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Walmart Pushes Suppliers To Disclose Ingredients, Phase Out Chemicals Of Concern

Green Chemistry: Activists cheer retail giant’s shift away from chemicals that pose risks to health and environment

by Melody M. Bomgardner
September 19, 2013 | A version of this story appeared in Volume 91, Issue 38

Credit: Walmart
A new chemicals policy will affect the personal care products aisle at Walmart stores.
Image of personal care aisles at Walmart.
Credit: Walmart
A new chemicals policy will affect the personal care products aisle at Walmart stores.

A new policy from retail giant Walmart governing the chemical content of consumable household goods is being hailed by environmental and health advocate groups as both aggressive and comprehensive.

The program will require suppliers of cleaning, personal care, and beauty products to disclose ingredients to the public starting in 2015 and to phase out the use of 10 chemicals of concern. However, the company did not reveal the names of those chemicals or a timetable for the completion of the phaseouts.

Recent moves by consumer product companies may hint at the names of the chemicals on Walmart’s list. Earlier this month, Procter & Gamble disclosed it will phase out use of the fragrance carrier diethyl phthalate and the antimicrobial triclosan by 2014. In 2012, Johnson & Johnson pledged to remove phthalates, triclosan, formaldehyde, and parabens from personal care products.

Walmart’s suppliers will also be required to share product information with the retailer via a software screening tool that uses ingredient data to analyze potential impact on human health and the environment. For its own store brands, the company will participate when possible in EPA’s Design for the Environment program, which labels products as safer for human health and the environment based on green chemistry, toxicology, and modeling.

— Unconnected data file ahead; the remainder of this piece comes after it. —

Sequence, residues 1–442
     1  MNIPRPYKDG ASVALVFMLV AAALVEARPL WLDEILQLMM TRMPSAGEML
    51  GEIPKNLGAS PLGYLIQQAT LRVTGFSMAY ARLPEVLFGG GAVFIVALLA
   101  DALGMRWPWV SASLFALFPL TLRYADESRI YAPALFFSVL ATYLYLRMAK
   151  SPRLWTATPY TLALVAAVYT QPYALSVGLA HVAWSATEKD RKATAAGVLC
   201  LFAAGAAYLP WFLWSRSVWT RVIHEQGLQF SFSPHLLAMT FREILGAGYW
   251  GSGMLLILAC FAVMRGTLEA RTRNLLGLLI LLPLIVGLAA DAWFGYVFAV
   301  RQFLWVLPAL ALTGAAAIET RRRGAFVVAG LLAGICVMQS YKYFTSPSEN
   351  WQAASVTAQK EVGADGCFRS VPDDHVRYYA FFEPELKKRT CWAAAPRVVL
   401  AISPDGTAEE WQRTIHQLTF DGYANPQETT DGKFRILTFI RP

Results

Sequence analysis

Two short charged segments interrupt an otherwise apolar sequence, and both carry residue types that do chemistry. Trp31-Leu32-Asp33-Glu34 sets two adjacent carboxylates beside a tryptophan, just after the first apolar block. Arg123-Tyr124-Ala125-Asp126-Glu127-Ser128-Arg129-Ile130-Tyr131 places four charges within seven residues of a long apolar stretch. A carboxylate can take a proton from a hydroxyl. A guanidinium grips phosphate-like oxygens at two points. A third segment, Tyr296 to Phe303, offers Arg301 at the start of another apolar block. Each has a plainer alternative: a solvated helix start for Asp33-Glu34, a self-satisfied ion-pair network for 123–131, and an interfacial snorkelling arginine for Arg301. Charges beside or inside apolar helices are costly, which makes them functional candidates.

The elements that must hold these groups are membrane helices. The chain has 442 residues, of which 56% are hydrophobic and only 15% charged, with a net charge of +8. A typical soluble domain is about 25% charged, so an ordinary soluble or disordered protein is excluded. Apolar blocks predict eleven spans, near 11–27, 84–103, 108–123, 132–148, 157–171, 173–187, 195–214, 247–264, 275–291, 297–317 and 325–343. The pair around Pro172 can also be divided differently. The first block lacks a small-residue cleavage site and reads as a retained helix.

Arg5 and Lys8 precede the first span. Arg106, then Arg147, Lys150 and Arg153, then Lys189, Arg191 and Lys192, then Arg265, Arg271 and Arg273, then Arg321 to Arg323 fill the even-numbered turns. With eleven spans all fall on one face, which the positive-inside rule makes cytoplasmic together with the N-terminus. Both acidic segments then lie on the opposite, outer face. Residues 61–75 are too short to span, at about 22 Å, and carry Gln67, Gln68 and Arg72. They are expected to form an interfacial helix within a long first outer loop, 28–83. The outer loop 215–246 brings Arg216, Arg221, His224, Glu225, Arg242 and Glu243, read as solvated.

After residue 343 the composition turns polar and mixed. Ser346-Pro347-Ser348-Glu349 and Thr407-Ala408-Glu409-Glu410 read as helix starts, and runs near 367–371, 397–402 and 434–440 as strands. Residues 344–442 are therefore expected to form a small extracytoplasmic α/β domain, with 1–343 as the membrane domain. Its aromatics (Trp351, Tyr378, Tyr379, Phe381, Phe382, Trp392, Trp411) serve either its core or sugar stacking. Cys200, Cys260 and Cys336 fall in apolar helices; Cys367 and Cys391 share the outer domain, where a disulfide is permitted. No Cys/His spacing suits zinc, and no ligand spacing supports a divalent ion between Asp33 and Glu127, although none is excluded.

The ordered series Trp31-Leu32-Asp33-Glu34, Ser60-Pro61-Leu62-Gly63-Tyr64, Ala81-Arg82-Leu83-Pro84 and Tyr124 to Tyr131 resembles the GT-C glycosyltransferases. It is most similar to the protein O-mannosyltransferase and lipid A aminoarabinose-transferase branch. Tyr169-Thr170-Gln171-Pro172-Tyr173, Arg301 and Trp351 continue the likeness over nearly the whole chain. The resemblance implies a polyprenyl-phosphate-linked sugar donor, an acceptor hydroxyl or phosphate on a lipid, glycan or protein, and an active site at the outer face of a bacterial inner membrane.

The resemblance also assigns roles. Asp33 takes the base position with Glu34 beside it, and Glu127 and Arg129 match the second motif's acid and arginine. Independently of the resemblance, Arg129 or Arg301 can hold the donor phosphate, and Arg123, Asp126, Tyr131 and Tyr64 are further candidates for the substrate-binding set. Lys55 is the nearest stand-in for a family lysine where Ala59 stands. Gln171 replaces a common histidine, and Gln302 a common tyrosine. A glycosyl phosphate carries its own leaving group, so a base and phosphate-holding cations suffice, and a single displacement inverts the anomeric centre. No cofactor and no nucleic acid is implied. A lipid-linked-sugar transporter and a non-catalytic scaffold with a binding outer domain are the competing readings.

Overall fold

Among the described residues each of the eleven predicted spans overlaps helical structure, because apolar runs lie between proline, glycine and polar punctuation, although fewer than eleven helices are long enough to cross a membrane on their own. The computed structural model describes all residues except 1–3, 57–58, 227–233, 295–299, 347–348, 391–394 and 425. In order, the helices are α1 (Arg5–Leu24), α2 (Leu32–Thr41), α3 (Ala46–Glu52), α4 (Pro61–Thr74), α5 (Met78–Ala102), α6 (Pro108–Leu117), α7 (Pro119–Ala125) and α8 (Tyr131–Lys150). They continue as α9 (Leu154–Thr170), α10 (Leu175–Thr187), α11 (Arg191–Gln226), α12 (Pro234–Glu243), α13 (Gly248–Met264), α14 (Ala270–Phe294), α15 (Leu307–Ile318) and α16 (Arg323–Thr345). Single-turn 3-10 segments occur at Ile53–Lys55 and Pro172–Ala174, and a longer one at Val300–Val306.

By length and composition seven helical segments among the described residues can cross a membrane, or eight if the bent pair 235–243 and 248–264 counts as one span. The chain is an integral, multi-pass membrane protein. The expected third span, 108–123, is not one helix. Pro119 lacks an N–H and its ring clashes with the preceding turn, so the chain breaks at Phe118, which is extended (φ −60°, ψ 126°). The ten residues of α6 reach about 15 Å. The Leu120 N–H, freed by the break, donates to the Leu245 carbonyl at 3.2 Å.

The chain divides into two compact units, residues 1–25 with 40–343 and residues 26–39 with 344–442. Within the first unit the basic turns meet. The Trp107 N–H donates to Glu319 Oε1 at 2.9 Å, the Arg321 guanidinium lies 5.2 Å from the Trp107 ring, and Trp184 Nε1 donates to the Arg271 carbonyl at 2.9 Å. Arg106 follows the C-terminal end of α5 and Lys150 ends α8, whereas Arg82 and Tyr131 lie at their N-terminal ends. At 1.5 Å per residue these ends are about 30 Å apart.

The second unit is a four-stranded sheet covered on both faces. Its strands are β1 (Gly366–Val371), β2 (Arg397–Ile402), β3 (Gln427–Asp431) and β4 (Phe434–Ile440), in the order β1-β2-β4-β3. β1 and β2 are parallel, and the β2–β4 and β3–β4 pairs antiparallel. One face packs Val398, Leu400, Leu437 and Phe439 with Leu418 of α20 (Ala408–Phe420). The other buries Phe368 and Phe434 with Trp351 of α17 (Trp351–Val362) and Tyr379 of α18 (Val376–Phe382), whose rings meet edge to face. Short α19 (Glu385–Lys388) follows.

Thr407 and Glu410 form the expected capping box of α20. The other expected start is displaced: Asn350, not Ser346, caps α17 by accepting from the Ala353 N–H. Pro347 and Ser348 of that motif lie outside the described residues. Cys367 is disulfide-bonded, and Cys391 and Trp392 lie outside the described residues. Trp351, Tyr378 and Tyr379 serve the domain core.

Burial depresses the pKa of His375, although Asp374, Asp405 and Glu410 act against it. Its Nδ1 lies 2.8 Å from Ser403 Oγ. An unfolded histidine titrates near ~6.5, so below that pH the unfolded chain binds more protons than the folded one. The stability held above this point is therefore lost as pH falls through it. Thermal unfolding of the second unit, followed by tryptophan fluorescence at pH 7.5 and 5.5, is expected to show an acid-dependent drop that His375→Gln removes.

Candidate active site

“In terms of U.S. retailers, [Walmart is] way beyond where other retailers are in engaging on the issue of chemicals in products,” says Mark Rossi, codirector of Clean Production Action, an advocate for sustainable consumer products. “That policy is setting the bar in terms of expectations on disclosure to consumers.”

Walmart developed the new policy with the Environmental Defense Fund, an advocacy group. “Some companies stop at issuing a restricted-substances list,” says Sarah Vogel, director of EDF’s environmental health program. “No other company is requiring the all-important, but often forgotten, second step to truly transformational phaseouts: putting a system in place that avoids regrettable chemical substitutions.”



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